The entire arrangement of the drive with its drive gears 10 to 14 can be best seen in the partial sectional view of FIG. 5. Additionally, there is shown a stripper or scraper 7b which is mounted in the cage or basket-like holder device 7 and engages into the related cleaning body 9. Such stripper or scraper 9 serves to perform an intense kneading or surface agitation of the cleaning body 9, and thus, for the effective removal of tin residues and the like.

FIG. 6 is another view depicting details of the internal structure of the cleaning apparatus according to FIG. 1. In the upper left-hand portion thereof there is shown the press or push button switch 3 which is connected with a conducter or line of a network cable 18. Such power network cable 18 is guided in a substantially snake-like configuration over the security or protection nubs 18a and is connected by means of its second conductor or line with a supply or connection terminal 5. Three connection cables, i.e. the main winding or coil and the auxiliary winding or coil, which lead to the electric drive, i.e. the synchronous motor, are guided to the connecting terminal 5 and are connected to a capacitor 6 (starting capacitor) via such connecting terminal or clamp 5.

The capacitor 6 serves for an increased starting torque of the synchronous motor. The cleaning bodies 8 and 9 which rotate towards one another, in other words in the direction of the arrows in opposite rotational sense, are shown in the right-hand portion of FIG. 6. Likewise there can be observed in the showing of FIG. 6 the kneading of the cleaning bodies 8 and 9 because of their different rotational speeds and also as a result of the action of the two strippers or scrapers 7b which are arranged in the cage element or holder device 7. In a tin collecting or catch container Z constructed as a space or chamber, the tin and scale particles are thus collected inside the cage or holder device 7.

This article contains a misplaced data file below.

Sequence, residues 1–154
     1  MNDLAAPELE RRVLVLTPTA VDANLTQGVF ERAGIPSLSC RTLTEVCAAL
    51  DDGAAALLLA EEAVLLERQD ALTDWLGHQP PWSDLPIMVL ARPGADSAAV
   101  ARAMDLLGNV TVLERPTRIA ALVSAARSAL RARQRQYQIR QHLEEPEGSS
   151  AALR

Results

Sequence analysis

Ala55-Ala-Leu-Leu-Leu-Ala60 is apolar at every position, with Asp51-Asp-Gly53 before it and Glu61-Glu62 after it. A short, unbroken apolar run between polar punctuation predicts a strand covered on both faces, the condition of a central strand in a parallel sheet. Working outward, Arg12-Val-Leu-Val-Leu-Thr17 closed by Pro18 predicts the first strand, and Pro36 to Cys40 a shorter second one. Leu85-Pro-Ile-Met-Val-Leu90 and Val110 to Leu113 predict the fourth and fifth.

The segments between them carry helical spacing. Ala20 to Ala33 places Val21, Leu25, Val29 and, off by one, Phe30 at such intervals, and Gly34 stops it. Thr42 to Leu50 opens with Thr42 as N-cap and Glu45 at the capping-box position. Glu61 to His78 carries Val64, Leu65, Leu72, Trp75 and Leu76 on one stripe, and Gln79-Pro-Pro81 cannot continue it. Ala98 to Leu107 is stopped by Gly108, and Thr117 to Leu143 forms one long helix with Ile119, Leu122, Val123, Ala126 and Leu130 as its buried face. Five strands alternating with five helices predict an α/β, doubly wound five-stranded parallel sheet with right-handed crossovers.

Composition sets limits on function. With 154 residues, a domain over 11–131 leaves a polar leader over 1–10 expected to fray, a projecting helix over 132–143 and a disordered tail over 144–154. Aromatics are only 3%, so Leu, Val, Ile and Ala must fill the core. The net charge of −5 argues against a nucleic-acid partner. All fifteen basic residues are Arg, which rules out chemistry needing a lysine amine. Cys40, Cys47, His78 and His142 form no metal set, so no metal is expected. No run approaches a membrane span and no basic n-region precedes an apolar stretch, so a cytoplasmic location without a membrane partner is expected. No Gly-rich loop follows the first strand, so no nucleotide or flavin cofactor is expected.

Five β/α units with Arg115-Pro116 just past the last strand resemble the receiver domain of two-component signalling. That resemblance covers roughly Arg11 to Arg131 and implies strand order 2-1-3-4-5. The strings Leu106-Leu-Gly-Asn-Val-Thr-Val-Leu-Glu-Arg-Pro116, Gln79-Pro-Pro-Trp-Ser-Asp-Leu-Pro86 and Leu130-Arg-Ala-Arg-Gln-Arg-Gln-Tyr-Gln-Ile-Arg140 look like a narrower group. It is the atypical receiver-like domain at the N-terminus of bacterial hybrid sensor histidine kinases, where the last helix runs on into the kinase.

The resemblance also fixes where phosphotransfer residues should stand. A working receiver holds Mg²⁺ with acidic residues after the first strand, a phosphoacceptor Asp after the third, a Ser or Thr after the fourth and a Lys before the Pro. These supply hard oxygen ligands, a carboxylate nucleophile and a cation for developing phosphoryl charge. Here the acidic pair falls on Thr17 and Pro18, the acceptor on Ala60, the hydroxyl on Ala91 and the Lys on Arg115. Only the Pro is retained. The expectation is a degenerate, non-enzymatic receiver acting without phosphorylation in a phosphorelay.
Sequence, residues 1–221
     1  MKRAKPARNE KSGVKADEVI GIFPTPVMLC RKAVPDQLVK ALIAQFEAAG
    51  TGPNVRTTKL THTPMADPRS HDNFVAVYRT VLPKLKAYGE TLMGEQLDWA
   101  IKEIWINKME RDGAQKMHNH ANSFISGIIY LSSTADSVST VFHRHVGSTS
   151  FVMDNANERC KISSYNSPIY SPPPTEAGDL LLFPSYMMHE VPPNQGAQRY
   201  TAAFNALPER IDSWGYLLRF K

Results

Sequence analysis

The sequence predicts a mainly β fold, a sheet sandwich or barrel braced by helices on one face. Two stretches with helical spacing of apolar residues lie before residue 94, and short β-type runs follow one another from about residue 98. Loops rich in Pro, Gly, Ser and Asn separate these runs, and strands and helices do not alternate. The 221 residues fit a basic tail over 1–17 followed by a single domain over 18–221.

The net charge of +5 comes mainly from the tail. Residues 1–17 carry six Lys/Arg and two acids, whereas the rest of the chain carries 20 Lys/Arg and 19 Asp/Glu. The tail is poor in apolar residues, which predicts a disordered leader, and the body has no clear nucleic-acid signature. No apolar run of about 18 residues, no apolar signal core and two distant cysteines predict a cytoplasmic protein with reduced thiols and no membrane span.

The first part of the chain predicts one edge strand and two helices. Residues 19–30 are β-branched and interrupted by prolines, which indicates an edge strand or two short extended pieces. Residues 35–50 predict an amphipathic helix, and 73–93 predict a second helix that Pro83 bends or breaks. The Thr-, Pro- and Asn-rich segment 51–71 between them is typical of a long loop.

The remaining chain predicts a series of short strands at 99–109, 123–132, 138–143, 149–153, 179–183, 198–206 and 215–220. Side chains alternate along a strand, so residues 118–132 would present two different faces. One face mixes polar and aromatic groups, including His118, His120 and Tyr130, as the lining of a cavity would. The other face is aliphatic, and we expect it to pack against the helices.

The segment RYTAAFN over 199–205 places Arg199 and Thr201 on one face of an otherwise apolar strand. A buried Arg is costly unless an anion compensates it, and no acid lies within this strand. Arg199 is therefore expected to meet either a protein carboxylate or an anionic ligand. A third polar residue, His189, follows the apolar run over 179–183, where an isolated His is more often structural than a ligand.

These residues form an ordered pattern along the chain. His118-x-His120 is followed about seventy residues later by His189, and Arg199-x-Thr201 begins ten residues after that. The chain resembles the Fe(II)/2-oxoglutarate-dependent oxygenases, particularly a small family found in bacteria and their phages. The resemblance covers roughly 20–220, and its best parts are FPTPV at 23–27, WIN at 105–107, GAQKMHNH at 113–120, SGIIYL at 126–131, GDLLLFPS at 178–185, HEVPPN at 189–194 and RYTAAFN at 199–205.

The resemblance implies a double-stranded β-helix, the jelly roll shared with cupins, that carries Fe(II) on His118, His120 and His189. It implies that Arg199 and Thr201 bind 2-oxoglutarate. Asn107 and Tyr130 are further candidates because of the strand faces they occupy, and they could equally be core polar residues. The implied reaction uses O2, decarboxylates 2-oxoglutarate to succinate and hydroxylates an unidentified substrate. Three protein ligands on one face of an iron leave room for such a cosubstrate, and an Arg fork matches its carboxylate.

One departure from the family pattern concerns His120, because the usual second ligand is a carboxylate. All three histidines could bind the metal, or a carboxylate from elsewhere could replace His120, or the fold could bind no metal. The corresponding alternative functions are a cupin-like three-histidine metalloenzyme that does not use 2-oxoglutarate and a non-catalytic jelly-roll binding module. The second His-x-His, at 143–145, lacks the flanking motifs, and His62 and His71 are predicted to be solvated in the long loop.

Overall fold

In order to further increase the self-cleaning action of the two cleaning bodies 8 and 9 the axial spacing a in FIG. 6 is designed to the smaller than their mean diameter ##EQU1##

For the periodic cleaning of the equipment the holder or cage device 7 and the cleaning bodies 8 and 9 are removed from the cleaning apparatus and rinsed beneath a tap. Thus, the cleaning bodies 8 and 9 are sufficiently imbued or moistened to guarantee, for instance, the cleaning or the soldering bit or tip of a fine or precision soldering iron for the period of one day.

The wetting or imbuing device 20 for the cleaning bodies 8 and 9, which has been shown in FIG. 1 is an auxiliary device for use with larger soldering irons.